Dale Cox Cox, Dale A. presented on SAFRR (Science Application for Risk Reduction) Projects and Scenarios for Risk Reduction.Dale has been involved in many scenario projects and is in the process of looking back and evaluate some of the scenarios. What is a scenario? Principles of a scenario: A single, large, but plausible event that we need to be ready for, integrate across many disciplines, use best hazard science, consensus among leading experts, create study with community partners, and results presented in products that fit the user, not the scientist.
Some related resources:
USGS Earthquake Scenario Map: https://earthquake.usgs.gov/scenarios/related.php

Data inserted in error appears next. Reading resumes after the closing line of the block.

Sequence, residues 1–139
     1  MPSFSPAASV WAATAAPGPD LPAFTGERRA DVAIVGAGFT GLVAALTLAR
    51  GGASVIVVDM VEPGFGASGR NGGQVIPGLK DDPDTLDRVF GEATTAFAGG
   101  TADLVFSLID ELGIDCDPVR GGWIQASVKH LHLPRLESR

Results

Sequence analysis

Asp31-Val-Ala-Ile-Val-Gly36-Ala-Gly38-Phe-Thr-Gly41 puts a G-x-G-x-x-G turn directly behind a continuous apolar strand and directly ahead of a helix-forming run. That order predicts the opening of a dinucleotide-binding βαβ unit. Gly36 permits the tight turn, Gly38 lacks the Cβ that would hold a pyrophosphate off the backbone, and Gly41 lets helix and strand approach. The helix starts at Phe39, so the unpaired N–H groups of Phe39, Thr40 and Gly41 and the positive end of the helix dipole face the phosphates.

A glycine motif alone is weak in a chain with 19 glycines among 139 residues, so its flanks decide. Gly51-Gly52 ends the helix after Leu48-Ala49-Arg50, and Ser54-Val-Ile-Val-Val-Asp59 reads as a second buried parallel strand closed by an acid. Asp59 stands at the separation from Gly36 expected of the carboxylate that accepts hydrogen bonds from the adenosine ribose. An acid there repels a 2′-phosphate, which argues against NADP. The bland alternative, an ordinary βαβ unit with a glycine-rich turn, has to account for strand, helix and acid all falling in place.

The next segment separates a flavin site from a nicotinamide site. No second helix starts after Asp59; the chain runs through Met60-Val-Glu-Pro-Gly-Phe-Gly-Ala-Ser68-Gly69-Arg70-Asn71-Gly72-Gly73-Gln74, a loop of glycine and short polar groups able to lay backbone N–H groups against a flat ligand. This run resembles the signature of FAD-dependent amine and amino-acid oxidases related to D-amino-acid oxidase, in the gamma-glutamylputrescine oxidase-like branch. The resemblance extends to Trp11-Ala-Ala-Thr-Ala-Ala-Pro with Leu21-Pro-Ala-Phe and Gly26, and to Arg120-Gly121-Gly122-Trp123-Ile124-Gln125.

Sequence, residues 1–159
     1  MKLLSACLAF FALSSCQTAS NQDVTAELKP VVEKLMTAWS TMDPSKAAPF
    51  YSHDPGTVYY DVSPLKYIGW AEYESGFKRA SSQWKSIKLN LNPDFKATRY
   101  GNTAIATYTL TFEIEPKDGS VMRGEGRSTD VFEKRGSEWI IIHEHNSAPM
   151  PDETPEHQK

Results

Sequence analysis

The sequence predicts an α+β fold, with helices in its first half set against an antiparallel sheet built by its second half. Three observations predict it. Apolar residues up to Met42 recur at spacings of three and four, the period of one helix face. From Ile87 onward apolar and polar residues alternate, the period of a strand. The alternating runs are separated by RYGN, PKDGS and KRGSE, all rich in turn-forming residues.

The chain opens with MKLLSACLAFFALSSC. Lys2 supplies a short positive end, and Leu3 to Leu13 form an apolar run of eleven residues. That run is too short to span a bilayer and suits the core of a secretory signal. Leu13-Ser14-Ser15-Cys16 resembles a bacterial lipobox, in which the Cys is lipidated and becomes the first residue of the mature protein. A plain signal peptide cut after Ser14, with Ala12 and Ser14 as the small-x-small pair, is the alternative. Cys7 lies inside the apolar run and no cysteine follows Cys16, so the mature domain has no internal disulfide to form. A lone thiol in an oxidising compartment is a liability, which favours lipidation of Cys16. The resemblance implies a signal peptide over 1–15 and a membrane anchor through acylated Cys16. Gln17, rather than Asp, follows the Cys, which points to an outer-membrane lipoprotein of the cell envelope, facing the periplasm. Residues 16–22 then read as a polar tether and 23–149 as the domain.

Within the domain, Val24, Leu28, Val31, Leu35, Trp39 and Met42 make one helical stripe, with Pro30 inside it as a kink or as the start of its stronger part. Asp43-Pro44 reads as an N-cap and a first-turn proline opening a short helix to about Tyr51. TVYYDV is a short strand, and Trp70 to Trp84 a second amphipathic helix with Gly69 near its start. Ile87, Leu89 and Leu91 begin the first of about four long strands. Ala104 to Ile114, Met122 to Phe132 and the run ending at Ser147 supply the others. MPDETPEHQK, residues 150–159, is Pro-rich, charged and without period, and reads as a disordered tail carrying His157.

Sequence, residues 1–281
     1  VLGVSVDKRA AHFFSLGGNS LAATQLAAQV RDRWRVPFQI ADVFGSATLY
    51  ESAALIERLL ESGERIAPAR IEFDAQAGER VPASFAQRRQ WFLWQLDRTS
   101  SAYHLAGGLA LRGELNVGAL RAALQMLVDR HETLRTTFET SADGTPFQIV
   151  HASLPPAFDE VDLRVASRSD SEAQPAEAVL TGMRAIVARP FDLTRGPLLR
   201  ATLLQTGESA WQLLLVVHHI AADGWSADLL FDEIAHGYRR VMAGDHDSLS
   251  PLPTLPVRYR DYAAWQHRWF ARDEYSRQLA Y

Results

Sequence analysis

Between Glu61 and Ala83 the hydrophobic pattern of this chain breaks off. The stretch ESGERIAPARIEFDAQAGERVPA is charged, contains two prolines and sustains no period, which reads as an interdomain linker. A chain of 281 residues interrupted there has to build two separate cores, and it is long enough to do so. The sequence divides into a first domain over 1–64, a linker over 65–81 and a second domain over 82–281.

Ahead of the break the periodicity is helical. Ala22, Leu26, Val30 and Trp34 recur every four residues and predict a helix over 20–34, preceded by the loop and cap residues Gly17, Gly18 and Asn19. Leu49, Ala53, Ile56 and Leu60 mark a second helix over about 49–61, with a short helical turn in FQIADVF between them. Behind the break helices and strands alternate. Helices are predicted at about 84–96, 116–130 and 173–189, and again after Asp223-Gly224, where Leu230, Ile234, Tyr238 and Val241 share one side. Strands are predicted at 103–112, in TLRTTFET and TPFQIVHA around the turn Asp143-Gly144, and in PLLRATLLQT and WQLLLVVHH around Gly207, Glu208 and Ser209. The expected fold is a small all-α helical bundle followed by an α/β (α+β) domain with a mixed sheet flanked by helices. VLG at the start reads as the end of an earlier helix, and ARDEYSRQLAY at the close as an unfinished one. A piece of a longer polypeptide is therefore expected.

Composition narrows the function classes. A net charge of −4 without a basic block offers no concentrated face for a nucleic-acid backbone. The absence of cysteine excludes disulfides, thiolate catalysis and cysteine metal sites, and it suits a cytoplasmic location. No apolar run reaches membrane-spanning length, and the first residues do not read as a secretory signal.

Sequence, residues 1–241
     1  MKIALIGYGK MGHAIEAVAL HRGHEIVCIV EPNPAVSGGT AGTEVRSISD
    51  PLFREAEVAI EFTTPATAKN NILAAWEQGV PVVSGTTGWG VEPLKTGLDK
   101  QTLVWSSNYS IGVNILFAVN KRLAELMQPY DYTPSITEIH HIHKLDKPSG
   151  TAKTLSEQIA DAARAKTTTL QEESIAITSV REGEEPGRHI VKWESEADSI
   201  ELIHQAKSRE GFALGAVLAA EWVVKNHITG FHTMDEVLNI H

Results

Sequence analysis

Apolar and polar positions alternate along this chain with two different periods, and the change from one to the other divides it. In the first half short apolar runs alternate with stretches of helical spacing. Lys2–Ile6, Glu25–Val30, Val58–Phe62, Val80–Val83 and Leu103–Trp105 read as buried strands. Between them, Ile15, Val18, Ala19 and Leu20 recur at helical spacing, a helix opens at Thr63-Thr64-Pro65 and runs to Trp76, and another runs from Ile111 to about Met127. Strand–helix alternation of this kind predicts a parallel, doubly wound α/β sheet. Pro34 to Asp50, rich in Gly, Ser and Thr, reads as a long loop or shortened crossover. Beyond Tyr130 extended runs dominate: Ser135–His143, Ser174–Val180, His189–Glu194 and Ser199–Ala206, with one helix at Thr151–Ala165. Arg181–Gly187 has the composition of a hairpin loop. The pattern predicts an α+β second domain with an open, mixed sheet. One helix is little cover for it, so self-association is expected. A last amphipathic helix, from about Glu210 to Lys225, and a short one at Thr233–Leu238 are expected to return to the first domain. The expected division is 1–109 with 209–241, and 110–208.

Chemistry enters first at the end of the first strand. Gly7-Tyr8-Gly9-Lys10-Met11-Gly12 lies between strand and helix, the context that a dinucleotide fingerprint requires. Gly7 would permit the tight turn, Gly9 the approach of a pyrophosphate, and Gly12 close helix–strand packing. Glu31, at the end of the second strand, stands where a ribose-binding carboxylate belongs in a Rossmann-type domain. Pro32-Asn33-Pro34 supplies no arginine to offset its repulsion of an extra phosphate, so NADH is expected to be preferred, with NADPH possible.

Slides explaining the components of a scenario and the Science Application for Risk Reduction (SAFRR) scenarios.
The Risk group also announced its inaugural RFP Awards!
Chris Merkes Merkes, Christopher M. from UMESC presented on Choosing the right eDNA assay: Developing standards for Limit of Detection and Limit of Quantification. This work is planned to be soon released in a new environmental DNA journal.
A resource discussed: https://github.com/cmerkes/qPCR_LOD_Calc
Merkes CM, Klymus KE, Allison MJ, Goldberg C, Helbing CC, Hunter ME, Jackson CA, Lance RF, Mangan AM, Monroe EM, Piaggio AJ, Stokdyk JP, Wilson CC, Richter C. (2019) Generic qPCR Limit of Detection (LOD) / Limit of Quantification (LOQ) calculator. R Script. Available at: https://github.com/cmerkes/qPCR_LOD_Calc. DOI: https://doi.org/10.5066/P9GT00GB.
Slide fro Chris Merkes' talk illustrating Limit of Detection and Limit of Quantification.